Equal parts time capsule and monster groove collection, Black & Proud: The Soul of the Black Panther Era, Vol. 1 documents the seismic shift of black popular music from the crowd-pleasing, apolitical Motown sound to the defiant, combative funk of the post-Summer of Love era. Highlights like Gil Scott-Heron's "The Revolution Will Not Be Televised," James Brown's "Ghetto Reality," and Curtis Mayfield's "Ghetto Child" still smolder with pride, anger, and genius -- rarely if ever has music freed so many minds and asses at the same time. The set's great failing is the absence of Sly and the Family Stone -- no one was more responsible for the politicizing of soul music than Sly Stone, and regardless of whatever rights issues are to blame, Black & Proud is severely compromised by this omission, offering, at best, an incomplete history of its subject matter. Still, in a modern era where popular music is so often disposable and mindless, these 18 tracks recall an era when records were like messages from the frontlines -- the times may have changed, but the passion and power haven't diminished.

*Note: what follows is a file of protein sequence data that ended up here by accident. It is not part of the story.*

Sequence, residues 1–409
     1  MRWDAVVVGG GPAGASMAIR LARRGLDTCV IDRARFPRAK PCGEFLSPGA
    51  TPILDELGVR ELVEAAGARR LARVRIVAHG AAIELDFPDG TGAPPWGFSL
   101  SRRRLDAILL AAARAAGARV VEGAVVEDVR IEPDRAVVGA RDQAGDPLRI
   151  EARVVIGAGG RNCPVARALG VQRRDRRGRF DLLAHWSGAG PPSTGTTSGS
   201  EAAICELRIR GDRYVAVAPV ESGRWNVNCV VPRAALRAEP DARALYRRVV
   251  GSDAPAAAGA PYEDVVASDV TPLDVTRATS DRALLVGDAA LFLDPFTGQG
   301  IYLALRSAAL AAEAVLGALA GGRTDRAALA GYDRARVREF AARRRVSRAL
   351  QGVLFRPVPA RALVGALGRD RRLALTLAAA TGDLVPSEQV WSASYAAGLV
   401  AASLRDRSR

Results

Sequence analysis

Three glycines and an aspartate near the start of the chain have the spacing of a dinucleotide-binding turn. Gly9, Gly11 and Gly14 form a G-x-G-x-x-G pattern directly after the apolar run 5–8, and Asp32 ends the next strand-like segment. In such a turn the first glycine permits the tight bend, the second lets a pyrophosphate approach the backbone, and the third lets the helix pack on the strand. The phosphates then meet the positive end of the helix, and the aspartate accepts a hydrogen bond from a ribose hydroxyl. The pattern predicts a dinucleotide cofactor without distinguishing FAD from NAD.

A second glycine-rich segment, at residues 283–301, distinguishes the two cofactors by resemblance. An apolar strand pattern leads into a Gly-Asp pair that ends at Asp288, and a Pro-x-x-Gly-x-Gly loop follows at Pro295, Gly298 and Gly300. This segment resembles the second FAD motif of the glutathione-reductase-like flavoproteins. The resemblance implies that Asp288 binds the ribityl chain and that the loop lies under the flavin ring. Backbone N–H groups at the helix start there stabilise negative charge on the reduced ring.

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AllMusic Review by Jason Ankeny